ADM Settlement, Market-Rig Jail Deal, Covered Bonds: Compliance
ADM paid about $22 million to Ukranian government officials to win more than $100 million in tax refunds in violation of U.S. anti-bribery laws, the SEC said Dec. 20 in a complaint filed with the proposed settlement in federal court in Urbana, Illinois. The agreement needs approval by a federal judge.
ADM units in Hamburg and Ukraine allegedly made the payments to third-party vendors from 2002 to 2008 and improperly recorded them on financial statements in violation of the books and records provisions of the Foreign Corrupt Practices Act, according to the complaint.
To disguise the payments, the ADM units logged the transactions as “export-related services and insurance premiums to third parties,” the SEC said.
ADM declined to comment on the SEC complaint or settlement. In a Nov. 1 filing with the SEC, ADM said it reserved $54 million to resolve foreign bribery probes which the company disclosed to investors in 2009.
EU Clinches Deal on Jail Terms for Punishing Market-Riggers
European Union lawmakers clinched a deal on jail sentences for market manipulation and insider dealing, giving judges the power to send the worst offenders to prison for at least four years.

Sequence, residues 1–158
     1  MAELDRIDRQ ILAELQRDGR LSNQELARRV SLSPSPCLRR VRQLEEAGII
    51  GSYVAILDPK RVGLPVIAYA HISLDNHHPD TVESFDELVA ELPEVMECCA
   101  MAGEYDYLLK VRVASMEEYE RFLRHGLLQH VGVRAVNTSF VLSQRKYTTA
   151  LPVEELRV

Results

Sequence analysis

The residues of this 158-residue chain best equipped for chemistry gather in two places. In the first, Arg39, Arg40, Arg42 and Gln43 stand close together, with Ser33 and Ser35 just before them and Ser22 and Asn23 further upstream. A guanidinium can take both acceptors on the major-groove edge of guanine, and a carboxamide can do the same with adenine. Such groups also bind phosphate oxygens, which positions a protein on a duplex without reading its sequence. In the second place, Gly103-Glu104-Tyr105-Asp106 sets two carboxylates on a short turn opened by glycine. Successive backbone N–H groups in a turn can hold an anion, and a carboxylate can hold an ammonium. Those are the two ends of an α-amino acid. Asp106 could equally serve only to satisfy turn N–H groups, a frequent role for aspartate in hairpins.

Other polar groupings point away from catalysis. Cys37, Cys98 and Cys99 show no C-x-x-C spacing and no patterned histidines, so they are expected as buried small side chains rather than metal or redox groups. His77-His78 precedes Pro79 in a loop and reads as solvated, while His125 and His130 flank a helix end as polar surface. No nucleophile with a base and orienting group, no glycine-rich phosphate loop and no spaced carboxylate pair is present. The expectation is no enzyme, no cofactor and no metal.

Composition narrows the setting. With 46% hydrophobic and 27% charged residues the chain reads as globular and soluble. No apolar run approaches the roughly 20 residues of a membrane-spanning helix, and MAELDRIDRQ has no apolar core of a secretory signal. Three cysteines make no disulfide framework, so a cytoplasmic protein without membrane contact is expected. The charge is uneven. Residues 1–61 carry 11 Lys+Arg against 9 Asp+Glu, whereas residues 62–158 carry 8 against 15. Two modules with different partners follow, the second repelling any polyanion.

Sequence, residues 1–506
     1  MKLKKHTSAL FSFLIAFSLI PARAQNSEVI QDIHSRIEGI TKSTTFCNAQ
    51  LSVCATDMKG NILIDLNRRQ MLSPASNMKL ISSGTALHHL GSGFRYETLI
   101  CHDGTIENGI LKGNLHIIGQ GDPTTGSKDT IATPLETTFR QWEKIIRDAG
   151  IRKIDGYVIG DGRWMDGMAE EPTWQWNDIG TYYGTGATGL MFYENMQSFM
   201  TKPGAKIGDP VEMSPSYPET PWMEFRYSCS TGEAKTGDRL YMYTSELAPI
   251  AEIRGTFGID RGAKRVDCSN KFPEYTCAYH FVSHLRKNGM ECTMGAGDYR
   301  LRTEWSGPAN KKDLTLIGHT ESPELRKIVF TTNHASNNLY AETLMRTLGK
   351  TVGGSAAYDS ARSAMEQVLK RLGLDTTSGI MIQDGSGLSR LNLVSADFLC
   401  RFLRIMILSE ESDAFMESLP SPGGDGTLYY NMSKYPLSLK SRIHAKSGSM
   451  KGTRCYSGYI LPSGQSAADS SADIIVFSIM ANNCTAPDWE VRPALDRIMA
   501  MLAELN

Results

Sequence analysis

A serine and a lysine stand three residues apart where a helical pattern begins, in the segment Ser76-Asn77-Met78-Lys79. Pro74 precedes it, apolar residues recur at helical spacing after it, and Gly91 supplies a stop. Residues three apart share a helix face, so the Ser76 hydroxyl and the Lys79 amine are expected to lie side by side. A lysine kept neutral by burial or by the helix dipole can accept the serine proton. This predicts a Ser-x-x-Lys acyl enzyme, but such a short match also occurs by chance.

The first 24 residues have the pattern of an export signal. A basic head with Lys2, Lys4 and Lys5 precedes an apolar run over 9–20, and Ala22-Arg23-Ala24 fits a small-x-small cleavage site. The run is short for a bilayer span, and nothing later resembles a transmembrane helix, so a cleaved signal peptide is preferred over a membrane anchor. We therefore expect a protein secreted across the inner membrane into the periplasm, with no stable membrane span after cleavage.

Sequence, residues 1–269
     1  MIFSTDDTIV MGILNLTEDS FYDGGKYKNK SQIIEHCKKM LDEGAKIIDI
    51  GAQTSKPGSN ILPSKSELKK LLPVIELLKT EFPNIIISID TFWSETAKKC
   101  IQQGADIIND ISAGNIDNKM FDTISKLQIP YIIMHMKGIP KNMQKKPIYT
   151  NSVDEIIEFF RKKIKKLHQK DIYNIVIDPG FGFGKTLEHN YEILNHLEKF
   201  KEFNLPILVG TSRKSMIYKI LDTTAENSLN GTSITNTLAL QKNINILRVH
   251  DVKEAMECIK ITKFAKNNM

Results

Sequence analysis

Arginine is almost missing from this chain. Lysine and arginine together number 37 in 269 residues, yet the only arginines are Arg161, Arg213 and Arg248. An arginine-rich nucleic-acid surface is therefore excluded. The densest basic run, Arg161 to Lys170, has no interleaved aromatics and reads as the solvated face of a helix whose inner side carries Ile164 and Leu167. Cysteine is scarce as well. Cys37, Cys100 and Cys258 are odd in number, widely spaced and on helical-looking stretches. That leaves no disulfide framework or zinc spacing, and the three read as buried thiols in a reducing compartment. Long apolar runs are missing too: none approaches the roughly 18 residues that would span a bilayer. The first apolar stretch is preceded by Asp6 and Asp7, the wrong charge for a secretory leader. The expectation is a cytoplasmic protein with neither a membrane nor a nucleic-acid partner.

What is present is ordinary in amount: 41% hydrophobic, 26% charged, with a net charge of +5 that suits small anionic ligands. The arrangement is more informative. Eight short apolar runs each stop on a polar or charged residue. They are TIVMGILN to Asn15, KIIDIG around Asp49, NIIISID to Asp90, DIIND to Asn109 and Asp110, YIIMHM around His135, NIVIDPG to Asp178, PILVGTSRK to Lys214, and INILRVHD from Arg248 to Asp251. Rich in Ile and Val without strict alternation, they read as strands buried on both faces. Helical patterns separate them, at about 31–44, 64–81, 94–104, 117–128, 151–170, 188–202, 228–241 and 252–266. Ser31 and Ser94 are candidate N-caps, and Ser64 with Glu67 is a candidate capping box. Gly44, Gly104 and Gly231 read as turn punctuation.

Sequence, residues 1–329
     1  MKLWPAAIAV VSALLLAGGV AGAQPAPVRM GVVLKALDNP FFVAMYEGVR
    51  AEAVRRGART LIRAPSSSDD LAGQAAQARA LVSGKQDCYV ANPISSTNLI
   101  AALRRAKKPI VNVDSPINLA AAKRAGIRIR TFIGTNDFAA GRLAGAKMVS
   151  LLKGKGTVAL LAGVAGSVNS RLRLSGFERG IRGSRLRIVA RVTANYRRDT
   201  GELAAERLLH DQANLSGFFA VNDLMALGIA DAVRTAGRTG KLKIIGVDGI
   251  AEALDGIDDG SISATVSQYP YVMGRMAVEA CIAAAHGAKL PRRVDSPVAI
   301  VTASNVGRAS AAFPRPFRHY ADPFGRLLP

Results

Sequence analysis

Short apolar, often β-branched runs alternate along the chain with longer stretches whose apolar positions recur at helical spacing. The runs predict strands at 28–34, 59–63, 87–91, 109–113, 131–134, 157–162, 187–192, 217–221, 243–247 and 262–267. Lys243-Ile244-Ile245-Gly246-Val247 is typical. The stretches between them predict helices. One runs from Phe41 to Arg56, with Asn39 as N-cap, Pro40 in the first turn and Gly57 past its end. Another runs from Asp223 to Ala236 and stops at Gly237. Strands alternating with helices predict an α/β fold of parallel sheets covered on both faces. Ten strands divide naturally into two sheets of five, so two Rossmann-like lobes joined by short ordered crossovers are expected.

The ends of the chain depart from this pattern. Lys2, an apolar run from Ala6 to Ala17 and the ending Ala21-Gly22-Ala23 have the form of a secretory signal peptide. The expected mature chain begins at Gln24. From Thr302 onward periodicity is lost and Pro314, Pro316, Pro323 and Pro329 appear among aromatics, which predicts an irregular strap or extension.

Nations would also be obliged to ensure that their longest available prison sentences for improper disclosure of information are at least two years, according to a statement on the deal published by the European Parliament.
EU regulators fined six companies a record 1.7 billion euros ($2.3 billion) this month for rigging interest rates linked to the London Interbank Offered Rate, or Libor, taking global fines linked to the scandal to more than $6 billion.
Michel Barnier, the EU’s financial services chief, cited the rigging as one reason why the bloc should toughen its sanctions against market abuse. He proposed stiffer minimum penalties in 2011, with the goal of closing loopholes in national laws.
The Dec. 20 deal on Barnier’s proposals was reached by the parliament and by national governments. The accord complements an agreement on minimum administrative sanctions for punishing market abuse that was brokered earlier this year.
Covered Bonds Get Second-Class Status in EU Liquidity Review
The European Union’s top banking regulator said that covered bonds shouldn’t be considered a top-tier asset for banks’ emergency liquidity buffers, dealing a blow to Denmark’s $530 billion mortgage-bond market.
Covered bonds, debt securities backed by cash flows from other assets such as mortgages, aren’t as stable as European Union sovereign debt for the purpose of building up banks’ liquidity buffers, the London-based European Banking Authority said Dec. 20. Corporate bonds, equities and some local government debt were also considered less liquid than state bonds.
The decision goes against the EBA’s own preliminary study into the liquidity of different assets, published in October, which found covered bonds are more likely to hold their value than corporate bonds and equities over a 30-period. The EBA submitted recommendations on liquid assets to the European Commission, the executive arm of the EU, which must approve them next year.
Banks in Denmark have warned that excluding the securities would leave lenders virtually unable to meet liquidity requirements, and drive up the price of credit.